Personality, cognitive ability and beliefs about intelligence as predictors of academic performance.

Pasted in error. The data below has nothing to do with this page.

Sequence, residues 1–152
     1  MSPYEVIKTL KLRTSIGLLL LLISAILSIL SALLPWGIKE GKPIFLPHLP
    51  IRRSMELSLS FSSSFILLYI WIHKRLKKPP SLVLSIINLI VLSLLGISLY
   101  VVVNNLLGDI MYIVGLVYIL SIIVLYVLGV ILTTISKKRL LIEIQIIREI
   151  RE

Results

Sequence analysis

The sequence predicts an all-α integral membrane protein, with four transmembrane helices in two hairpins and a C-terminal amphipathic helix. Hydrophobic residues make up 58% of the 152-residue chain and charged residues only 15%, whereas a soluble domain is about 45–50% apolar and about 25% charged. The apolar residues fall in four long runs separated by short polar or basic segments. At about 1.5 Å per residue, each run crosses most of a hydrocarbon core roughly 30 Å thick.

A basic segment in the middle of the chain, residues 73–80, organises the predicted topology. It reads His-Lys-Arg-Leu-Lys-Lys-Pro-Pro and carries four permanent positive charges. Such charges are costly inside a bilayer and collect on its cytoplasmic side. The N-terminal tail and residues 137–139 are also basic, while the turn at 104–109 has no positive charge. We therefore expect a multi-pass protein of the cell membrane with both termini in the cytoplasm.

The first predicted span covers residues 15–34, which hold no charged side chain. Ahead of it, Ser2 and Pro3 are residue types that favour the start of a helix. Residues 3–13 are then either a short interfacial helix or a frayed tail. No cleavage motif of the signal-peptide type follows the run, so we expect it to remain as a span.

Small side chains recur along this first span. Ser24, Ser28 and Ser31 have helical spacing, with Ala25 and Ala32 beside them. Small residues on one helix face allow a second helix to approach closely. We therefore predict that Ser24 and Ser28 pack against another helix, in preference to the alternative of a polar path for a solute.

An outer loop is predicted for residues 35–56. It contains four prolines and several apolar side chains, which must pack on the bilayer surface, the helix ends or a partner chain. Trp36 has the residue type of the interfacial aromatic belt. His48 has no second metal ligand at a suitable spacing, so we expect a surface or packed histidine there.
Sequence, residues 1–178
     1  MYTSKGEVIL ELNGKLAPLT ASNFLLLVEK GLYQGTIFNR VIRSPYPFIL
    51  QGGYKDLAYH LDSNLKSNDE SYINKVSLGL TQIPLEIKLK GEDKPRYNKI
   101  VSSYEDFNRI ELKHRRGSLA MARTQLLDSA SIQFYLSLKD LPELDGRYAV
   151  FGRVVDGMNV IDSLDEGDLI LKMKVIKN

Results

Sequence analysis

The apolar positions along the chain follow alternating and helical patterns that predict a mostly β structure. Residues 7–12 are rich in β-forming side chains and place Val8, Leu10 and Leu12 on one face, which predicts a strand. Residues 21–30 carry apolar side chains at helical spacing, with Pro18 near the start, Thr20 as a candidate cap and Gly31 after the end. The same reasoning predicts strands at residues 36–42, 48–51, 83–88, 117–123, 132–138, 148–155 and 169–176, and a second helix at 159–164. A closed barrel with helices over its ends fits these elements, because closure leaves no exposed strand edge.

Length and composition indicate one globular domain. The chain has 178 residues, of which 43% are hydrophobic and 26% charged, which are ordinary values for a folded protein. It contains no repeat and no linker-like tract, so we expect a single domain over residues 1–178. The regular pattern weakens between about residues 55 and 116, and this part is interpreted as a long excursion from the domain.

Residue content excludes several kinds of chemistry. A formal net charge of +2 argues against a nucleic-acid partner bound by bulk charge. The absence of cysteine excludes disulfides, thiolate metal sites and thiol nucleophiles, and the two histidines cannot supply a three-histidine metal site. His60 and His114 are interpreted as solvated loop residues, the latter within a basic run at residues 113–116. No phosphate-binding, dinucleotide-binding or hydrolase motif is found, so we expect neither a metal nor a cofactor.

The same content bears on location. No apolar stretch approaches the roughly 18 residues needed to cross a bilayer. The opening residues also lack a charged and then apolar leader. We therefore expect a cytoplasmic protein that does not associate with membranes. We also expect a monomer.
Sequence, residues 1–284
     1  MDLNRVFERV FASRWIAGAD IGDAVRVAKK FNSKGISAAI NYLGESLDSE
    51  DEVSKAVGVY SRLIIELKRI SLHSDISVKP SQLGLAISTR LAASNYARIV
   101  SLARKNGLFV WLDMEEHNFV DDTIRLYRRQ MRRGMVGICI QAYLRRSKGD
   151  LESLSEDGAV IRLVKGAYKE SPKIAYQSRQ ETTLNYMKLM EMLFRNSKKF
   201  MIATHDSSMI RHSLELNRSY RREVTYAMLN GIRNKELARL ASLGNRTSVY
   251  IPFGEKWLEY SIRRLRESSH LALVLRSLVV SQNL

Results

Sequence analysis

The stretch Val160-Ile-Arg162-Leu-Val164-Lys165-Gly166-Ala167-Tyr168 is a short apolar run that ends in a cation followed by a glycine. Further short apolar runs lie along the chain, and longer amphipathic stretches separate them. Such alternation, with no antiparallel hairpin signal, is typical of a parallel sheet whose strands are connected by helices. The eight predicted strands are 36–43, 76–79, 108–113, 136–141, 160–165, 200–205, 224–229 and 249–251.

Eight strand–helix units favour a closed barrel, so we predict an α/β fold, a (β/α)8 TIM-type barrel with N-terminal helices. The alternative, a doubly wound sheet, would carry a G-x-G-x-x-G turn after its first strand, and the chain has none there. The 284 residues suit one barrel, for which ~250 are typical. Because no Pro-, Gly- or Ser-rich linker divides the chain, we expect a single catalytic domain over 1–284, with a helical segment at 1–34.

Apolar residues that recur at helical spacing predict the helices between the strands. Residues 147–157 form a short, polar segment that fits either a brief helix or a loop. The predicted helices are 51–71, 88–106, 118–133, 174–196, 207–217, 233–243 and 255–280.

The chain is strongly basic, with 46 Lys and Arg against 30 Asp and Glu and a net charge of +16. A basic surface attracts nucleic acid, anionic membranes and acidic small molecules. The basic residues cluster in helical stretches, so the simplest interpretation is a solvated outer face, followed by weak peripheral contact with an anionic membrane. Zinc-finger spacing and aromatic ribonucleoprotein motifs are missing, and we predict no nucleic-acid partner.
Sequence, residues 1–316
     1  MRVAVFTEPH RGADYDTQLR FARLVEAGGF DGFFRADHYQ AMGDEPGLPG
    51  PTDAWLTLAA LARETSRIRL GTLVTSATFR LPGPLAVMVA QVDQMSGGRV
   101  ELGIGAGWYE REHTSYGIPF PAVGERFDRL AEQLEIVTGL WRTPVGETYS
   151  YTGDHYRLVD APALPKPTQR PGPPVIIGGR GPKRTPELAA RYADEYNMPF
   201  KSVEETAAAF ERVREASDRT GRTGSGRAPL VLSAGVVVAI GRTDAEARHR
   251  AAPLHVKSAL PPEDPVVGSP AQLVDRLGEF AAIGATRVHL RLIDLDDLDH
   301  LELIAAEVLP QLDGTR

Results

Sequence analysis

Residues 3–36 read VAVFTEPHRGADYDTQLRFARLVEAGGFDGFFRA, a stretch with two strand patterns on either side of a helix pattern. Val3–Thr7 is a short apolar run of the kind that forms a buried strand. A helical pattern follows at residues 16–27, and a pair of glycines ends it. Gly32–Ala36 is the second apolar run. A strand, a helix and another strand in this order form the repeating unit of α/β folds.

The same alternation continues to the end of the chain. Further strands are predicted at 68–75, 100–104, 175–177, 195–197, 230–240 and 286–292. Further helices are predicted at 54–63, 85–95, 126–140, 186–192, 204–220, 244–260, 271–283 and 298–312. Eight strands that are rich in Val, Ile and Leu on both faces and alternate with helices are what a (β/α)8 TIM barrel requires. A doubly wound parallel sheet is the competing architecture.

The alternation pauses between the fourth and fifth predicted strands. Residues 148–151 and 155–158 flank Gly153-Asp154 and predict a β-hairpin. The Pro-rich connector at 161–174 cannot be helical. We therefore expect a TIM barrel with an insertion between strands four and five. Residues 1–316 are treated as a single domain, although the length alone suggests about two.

The relationship between the Big Five personality traits, cognitive ability, and beliefs about intelligence (BAI) was explored in a longitudinal study using a sample (N=93) of British university students. These three sets of variables were used to predict academic performance (AP) (i.e., examination grades) as well as seminar performance (i.e., behaviour in class, essay marks, and attendance record) aggregated over a 2-year period. Correlational analyses showed that personality (but not intelligence) was related to BAI (specifically entity vs. incremental beliefs): More conscientious participants were more likely to think that intelligence can be increased throughout the life span, whilst low conscientious individuals were more likely to believe that intelligence is stable. However, these beliefs were not themselves significantly related to AP; only personality traits (Conscientiousness positively, Extraversion negatively) and gender were significantly correlated with AP. Further, following a series of hierarchical regression, it was shown that the Big Five personality traits are better predictors of AP than cognitive ability, BAI, and gender. When seminar performance indicators were regressed onto these variables, a similar pattern was obtained: Personality was the most powerful predictor of absenteeism, essay marks, and behaviour in seminar classes (as rated by different tutors), with Conscientiousness being the most significant predictor. Implications for the prediction of academic success in university and the selection of student settings are discussed.